Who is this woman? One moment she is an obnoxiously insistent telephone operator. With just the merest change of facial expression, she is a precocious 6-year-old. Turn around and she is an acerbic housewife.
To you she is Lily Tomlin. To me she is one of my favorite journalism professors.
I was gilded by the Lily 36 years ago when I was a sweaty-palmed student and cub reporter. Sunday, as a confident-if-graying journalism professor, I finally got to say my thanks to a gracious, unassuming and deservedly famous lady.
In November 1971, I was a staff member on the Pepperdine Graphic. I was a mismatch for the conservative college’s politics and religion, but I love the gritty journalism we did in South Central Los Ang eles before the Waves fled to Malibu.
One of the advantages to going to school in Los Angeles is that you are surrounded by glittering personalities. But Pepperdine’s diminutive size and sedate reputation didn’t exactly draw herds of press agents and promoters to our newsroom. You can imagine how delighted I was when we received a call from an agent saying that the star of Laugh-In wanted to meet students, so would spend an hour with us if we liked.
OK, youngsters, consider what that meant. In 1971, Laugh-In was the Daily Show, the Colbert Report and Mad TV rolled together. On steroids. The show mercilessly poked fun at everyone -- often by inviting the targets as guests. Hubert Humphrey once said declining Laugh-In’s invitation may have cost him the 1972 election. Richard Nixon, after all, made a “Sock it to me” cameo.
So when section editor Arlene Ubrey, my girlfriend-now-wife Cecile and I arrived at a nondescript office building to meet the famous comic, my palms were sweating. I was officially the photographer in the group, but we all asked the questions.
I’m a small-town, blue-collar guy who grew up thinking celebrities were super beings who granted occasional audiences with we the lesser but existed mostly for our adoration. Boy, did Ernestine/Judith Anne/Mrs. Beasley set me straight.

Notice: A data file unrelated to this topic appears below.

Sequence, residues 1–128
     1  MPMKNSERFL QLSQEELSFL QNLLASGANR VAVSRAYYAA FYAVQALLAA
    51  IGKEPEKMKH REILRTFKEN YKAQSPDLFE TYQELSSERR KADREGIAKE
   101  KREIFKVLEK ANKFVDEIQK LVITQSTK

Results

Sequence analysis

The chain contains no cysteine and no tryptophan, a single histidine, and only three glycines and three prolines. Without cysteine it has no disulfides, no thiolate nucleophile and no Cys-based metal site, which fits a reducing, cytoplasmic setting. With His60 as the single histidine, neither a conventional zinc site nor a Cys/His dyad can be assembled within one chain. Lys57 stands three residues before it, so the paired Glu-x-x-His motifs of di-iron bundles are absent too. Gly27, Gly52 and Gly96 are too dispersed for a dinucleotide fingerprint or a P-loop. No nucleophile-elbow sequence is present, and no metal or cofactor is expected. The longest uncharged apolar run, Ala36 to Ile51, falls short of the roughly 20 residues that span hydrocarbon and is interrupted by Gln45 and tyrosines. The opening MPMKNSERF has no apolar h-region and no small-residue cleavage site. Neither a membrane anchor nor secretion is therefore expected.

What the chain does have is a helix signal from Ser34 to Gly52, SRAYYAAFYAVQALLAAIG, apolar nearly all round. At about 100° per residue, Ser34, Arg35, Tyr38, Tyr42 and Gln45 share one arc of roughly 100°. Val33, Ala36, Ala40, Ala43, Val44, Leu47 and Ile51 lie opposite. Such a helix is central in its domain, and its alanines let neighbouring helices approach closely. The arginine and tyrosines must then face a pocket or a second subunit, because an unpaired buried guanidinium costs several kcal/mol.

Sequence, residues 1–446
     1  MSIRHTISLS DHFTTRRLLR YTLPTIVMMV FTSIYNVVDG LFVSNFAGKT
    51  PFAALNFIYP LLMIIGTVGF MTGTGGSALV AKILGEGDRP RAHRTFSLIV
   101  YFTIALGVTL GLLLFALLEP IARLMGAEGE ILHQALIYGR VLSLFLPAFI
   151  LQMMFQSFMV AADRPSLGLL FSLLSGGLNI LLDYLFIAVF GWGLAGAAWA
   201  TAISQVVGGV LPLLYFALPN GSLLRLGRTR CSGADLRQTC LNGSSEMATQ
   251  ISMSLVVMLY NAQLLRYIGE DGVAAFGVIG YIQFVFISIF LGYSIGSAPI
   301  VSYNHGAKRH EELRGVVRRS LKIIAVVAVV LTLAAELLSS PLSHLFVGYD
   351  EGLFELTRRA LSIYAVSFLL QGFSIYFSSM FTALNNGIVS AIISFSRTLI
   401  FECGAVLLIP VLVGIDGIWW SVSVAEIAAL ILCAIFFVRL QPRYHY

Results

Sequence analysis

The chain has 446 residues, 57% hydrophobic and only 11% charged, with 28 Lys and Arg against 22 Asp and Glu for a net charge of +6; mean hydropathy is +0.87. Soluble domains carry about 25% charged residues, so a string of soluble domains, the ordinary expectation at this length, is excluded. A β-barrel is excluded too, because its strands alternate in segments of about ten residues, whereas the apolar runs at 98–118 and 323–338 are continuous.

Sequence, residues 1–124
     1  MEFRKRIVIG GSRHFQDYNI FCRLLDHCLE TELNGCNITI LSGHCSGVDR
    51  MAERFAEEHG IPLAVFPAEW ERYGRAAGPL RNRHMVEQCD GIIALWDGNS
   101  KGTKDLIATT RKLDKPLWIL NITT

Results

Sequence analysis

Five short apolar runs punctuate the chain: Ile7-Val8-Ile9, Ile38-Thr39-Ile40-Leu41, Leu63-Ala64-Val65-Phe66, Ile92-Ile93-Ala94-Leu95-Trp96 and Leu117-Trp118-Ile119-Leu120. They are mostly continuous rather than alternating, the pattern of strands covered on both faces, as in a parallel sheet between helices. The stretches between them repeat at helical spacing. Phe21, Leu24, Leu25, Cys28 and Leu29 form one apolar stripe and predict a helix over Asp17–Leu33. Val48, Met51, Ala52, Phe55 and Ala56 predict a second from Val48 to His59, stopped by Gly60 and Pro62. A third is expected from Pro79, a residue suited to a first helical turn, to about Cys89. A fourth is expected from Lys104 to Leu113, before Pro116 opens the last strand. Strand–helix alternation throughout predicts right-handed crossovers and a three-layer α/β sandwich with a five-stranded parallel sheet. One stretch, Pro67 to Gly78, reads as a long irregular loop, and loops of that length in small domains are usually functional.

Lily Tomlin was far more affable and open than most of my professors. Within a few minutes our “interview” was like a bull session among old friends.
I don’t remember the details of the story we wrote, but I found a yellowing clip of the photo I snapped and a poorly-exposed contact sheet of the other shots. We picked the photo of Lily leaning on her elbow while we chatted at the conference table. The other shots show her gesturing with her trademark animation and laughing as much as we were.
The story and photo were nice additions to my portfolio, but the lesson from that evening was priceless. Lilly Tomlin was my first of many celebrities. And thanks to her, I was never again so awestruck that I could not see them as the humans they were. They all had impressive-sounding jobs but they were still just people.
When I heard Lily was to perform in Columbia, I tracked down her personal assistant (journalists are good at that), sent an e-mail recounting the story and asked if I could say hello. Vivian Schneider was as much a jewel as her boss and set me up with a handful of tickets and a backstage pass.
Sunday, Cecile, my son Garrett and Vox magazine editor J.D. Rinne laughed along with the full-house crowd in Jesse Hall as Lily regaled us with pointedly liberal humor. But the svelte, hyperactive and endearing young woman I met 36 years ago with gone. In her place was a svelte, hyperactive and endearing 67-year old wonder.
So even before our reunion, Lily Tomlin gave Clyde Bentley another lesson in life. She bounced, beamed and belted it out like a kid. I was getting embarrassingly winded just laughing. I couldn’t keep up with her one-liners (check how many “Lily Tomlin quotes” sites are on the Web), but I certainly got the message that if you want to stay young, be young. And as unafraid to question the world as is a 6-year-old.
Backstage, we met, we shared memories and we signed photos. Her signing a souvenir photo for me, I expected. But asking me to sign an old snap of longhaired Young Clyde, at first took me aback.
But why should it? As Lily taught me long ago, celebrities are just people.